It’s been just over a year since the Association of British Insurers made a priority of tackling the rising costs of escape of water claims. The focus then was on domestic properties, where the average cost of these claims had risen by 31% in three years to £2,638. Since then, household insurers have got their act together. They know perfectly well how to handle escape of water claims and tackle the associated costs. They know how to drain, dry and reinstate a property. They are fully aware of the contributing risk factors and the available options to detect and prevent leaks. In the residential sector, things are under control. There might not be huge savings yet, but at least the financial cost is contained.
The situation is very different in the commercial sector, where the market has seen losses exceeding £1 million. One of the reasons why is that office buildings have more water features than residential homes: there isn’t just heating, there is also air conditioning; and many coffee machines and water coolers connect straight to the mains.
What is more, building architecture can turn a simple leak into an expensive affair. The location of the toilets is often the same from floor to floor. That stacking design means any problem on the top floor can have repercussions in the storeys below. And if all toilets are affected, the building will need to shut down during repairs.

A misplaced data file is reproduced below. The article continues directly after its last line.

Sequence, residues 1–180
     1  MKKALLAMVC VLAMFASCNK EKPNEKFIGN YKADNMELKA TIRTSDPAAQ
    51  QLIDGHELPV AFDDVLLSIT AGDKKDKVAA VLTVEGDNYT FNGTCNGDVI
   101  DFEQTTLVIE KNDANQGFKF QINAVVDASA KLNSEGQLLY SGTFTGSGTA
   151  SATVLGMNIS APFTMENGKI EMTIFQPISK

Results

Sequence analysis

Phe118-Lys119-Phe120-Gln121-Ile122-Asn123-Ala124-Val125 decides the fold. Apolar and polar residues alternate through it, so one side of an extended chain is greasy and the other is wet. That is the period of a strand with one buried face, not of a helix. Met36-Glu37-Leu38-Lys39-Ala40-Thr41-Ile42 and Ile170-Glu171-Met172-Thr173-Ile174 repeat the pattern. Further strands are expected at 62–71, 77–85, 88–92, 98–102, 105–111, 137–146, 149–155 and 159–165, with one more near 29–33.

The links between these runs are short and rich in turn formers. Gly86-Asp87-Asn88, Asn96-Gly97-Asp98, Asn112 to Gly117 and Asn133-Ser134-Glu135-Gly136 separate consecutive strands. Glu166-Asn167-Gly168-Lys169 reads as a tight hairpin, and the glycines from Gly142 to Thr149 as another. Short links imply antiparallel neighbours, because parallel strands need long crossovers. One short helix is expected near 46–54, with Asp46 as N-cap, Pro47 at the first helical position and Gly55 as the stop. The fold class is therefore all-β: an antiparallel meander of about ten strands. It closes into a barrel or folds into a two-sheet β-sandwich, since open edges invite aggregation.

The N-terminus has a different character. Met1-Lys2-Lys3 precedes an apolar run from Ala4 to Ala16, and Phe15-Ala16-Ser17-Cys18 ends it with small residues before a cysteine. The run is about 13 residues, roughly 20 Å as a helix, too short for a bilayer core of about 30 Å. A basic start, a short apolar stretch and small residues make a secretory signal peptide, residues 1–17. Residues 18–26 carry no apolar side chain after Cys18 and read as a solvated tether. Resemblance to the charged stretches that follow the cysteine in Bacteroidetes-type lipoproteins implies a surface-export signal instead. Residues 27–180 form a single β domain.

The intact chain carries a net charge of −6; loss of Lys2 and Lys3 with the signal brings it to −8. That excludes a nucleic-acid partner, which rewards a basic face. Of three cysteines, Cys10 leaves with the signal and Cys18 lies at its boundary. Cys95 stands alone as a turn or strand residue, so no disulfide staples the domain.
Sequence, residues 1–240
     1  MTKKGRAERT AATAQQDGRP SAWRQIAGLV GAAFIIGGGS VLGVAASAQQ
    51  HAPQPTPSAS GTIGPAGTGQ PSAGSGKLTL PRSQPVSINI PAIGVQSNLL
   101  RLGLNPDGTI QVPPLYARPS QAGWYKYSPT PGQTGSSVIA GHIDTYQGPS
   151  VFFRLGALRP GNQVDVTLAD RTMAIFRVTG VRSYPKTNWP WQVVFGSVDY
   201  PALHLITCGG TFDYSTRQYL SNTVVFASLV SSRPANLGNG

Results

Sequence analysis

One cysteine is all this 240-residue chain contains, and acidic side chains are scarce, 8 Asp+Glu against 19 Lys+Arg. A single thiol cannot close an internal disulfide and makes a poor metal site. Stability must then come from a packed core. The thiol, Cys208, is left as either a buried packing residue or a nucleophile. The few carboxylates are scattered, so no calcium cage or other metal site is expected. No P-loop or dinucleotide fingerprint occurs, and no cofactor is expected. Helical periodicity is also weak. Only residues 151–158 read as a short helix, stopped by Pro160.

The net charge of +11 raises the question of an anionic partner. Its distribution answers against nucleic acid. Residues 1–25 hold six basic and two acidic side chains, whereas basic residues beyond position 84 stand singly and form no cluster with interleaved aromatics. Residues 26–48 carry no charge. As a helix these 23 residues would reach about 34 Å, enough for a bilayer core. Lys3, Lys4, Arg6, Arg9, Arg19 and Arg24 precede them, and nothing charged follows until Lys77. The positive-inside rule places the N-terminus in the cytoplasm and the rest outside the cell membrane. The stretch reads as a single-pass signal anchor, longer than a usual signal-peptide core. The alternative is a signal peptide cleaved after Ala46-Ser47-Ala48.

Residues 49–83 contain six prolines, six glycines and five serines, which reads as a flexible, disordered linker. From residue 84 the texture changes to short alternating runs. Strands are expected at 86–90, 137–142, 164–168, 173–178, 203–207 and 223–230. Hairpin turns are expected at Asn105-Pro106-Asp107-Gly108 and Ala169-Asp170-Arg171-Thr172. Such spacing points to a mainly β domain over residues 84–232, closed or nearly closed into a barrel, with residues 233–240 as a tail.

In tall towers, where the water system is highly pressurised, a broken pipe can leak huge volumes of water extremely quickly. With most of the plumbing hidden behind walls, it can take some time for moisture to appear and alert to a possible leak. These buildings often have voids where water can accumulate unseen, damaging expensive equipment in the meantime, like data cables and IT servers.
There are two times when commercial properties are particularly exposed to escape of water damage: when they have just been built, and when they sit empty. When unoccupied, they can be targeted by thieves stealing copper pipes. And, sometimes, the owner or landlord hasn’t cut off the water because it is needed for other services, like boilers.
When occupied, commercial buildings are most vulnerable in the first 18 months following their completion. That is when the construction faults tend to show. But anti-leak measures should be taken upstream, during the build.
You need to check the competence of contractors, making sure plumbing is installed by people who are properly trained. Regular checks will ensure good procedures are in place. It is also recommended to take pictures of the pipes before the concealing walls are closed. During and after the build, records need to be kept, listing all the relevant information about the water system installation and maintenance.
For leak detection, systems range from basic to high-tech. A simple sensor placed under a pipe or some tape wrapped around a pipe can detect moisture, activating an alarm or shutting a valve. At the other end of the spectrum, smart technology can analyse flushes and tap usage to determine the pattern of a building and even guess its occupancy. Once algorithms know the amount of water usually consumed, they can tell when something is off.
With a focus on technology, but also competence and common sense, insurers can replicate in the commercial space the progress they’ve achieved in residential and contain escape of water claims.
The above was an opinion written by Douglas Barnett, director for mid-market and customer risk management at AXA. The views expressed within the article are not necessarily those of Insurance Business.